Answering Ambassador Ford on Syria

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By Brian Tettodoro

Feb. 24. The publication of Amnesty International's recent report documenting the mass executions that are taking place in Saidnaya prison in Syria has generated a torrent of responses from the Syria Extermination-Denial band.

One of them, broadcast on the Russian Sputnik channel spin-off "Hard facts" has veteran Assad cheerleader John Wight interviewing former British ambassador to Syria Peter Ford, a figure whose credentials might appear to give him some credibility.

In the space of some 11 minutes, both parties managed to avoid engaging with the detailed analysis and evidence provided in the 48-page Report. Instead they produced a lot of flannel about the sins of Amnesty and the ominous "timing" of the Amnesty report they don't have the courage to openly assert that Amnesty released the report in order to sabotage the Syrian peace process - probably because it's so patently absurd - but the dog whistles are there aplenty for their intended audience.) If we strip away all this padding we are left with four objections to the Amnesty case

*** All Amnesty's witnesses are anonymised
*** Saidnaya could not possibly hold the number of prisoners Amnesty claim
*** The Amnesty report relies on the "discredited" Caesar torture documentation.
*** Some business about Amnesty getting the date of Saydnaya's emergence as the country's main political prison wrong

We can pass over the fourth it's trivial and more suggestive of clutching at straws than anything else (although it is useful to have Ford's confirmation that the large Saydnaya complex has been Syria's "main political prison" "for "many years" before 2006, acknowledging the long and continuous history of political repression in the country.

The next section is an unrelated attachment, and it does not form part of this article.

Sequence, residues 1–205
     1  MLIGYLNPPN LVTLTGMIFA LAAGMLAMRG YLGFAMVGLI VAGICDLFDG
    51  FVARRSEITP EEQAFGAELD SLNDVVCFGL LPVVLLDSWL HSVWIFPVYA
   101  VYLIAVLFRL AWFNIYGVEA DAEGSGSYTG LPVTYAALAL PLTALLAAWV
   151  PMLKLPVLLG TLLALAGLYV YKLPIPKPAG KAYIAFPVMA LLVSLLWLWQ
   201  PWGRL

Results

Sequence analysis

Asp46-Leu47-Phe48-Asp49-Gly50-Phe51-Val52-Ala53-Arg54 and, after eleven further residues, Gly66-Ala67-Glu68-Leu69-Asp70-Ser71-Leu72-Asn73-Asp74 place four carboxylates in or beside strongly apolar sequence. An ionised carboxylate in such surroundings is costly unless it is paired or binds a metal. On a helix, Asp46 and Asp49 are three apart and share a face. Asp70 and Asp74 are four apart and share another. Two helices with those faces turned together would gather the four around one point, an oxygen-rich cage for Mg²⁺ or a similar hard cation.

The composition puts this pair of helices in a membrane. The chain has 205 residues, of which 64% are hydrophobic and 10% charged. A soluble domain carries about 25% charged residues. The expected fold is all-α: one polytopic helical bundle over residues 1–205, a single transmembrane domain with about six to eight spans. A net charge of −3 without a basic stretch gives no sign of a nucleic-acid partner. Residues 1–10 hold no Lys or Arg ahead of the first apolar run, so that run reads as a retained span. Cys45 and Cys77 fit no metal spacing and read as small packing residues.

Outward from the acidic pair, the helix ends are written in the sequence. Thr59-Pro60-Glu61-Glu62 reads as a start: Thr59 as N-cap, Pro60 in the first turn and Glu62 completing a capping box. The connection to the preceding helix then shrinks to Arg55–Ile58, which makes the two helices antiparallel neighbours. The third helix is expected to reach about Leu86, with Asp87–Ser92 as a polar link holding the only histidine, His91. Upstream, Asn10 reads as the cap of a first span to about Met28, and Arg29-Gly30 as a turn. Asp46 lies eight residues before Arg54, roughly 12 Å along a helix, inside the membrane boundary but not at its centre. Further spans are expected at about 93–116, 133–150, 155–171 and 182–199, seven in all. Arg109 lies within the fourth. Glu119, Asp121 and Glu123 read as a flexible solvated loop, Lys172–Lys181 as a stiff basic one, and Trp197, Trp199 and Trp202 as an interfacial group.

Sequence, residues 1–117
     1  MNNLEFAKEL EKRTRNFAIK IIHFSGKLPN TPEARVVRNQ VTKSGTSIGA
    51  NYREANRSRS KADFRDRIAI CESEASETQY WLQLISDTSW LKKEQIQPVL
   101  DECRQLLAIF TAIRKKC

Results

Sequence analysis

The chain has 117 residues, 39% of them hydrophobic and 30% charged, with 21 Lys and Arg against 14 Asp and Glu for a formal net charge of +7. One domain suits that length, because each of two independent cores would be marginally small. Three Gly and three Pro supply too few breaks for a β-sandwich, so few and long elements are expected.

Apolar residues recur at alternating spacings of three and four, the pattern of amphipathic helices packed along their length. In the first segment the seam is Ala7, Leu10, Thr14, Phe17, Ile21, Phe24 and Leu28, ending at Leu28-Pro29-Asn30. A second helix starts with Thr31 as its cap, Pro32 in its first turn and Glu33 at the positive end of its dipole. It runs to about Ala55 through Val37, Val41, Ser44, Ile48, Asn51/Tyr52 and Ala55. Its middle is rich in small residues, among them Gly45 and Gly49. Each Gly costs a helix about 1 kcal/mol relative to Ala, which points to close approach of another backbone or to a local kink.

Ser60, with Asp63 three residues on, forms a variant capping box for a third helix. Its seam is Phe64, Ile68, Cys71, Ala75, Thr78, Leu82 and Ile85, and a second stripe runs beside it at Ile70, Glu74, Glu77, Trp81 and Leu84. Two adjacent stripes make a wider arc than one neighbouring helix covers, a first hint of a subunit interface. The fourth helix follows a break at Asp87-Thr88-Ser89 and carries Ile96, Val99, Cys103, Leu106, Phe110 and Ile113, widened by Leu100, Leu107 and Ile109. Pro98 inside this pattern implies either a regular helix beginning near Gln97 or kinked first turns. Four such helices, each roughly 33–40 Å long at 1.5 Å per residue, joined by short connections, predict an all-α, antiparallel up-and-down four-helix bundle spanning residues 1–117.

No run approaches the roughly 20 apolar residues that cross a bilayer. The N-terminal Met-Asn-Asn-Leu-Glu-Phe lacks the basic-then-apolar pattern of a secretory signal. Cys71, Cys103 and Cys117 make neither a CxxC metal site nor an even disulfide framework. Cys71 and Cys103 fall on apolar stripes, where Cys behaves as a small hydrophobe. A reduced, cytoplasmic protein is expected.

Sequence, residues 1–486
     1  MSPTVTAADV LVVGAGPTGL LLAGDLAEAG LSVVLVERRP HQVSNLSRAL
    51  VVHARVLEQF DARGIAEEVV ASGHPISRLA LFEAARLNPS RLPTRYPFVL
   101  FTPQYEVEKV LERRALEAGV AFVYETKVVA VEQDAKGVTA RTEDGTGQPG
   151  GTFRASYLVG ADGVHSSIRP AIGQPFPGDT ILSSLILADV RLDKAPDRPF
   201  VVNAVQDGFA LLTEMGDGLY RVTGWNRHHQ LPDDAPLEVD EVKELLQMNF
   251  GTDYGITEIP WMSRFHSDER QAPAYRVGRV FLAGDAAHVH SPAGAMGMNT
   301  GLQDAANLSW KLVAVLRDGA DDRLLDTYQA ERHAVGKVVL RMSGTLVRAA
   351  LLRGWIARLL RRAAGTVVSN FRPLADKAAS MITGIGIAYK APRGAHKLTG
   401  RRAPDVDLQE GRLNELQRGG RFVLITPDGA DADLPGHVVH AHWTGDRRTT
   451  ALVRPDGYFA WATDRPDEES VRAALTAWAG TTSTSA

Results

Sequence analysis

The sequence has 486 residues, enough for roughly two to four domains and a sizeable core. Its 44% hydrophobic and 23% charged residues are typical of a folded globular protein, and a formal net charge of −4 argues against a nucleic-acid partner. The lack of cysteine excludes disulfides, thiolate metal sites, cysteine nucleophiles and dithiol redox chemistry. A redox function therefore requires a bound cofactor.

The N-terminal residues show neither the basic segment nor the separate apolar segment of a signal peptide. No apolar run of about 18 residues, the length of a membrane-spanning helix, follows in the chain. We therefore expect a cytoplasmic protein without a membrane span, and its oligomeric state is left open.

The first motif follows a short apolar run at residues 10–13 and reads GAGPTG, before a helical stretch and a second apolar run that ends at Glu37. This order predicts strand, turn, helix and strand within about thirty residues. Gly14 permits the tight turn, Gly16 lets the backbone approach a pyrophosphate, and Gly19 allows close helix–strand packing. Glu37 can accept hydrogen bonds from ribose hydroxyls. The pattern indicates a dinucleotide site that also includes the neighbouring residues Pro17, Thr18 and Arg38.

On the first of the remaining points: Of course the witnesses insist on being anonymous - if they weren't they would face the prospect of themselves or family members joining the victims whose fate they are testifying to. Wight comments that the Amnesty report "would not stand scrutiny in a court of law". But no one is in a court of law. Amnesty is aware of the identity of its witnesses, and has interviewed them, they have no obligation to expose them to mortal danger just to meet some spurious test of veracity set up by Wight.

On the second point, Ford says that "none of the authors of the report have actually been to Saydnaya, but I have - I had occasion to go to Saydnaya numerous times". However, this dramatic claim to eyewitness authority quickly evaporates when he adds "I did not enter the prison". (So what exactly he was doing there? It seems an unlikely sightseeing destination)

Despite his rather limited (if oft repeated) engagement with Saydnaya, Ford claims that his sighting of the building allows him to assert that it is "literally impossible" for it to hold the 10-20 000 prisoners that Amnesty claims. His assessment is that it could hold "only about one-tenth that number".

It's possible to test that assertion by calculating the dimensions of Saydnaya from satellite photos. The main Saydnaya "red building" comprises 3 wings, each of which is about 90 x 20 metres, with. 3 - 4 floors. giving it a total capacity of about 18 000 square metres. The second "white building" where both detentions and executions take place, seems to be on two levels, adding another 4000 square metres of capacity. After allowing for essential functional space - offices, torture chambers, staff canteens, gallows it would seem reasonable to estimate that something like 20 000 square metres is available for detention facilities. If Ford's estimate that Saydnaya only holds 1000-2000 prisoners were true, then that would make it a very comfortable place indeed (it would meet the British Certified Normal Accommodation standard - something very few British prisons do.) But Saydnaya is in Damascus not Wandsworth, and very different rules apply there.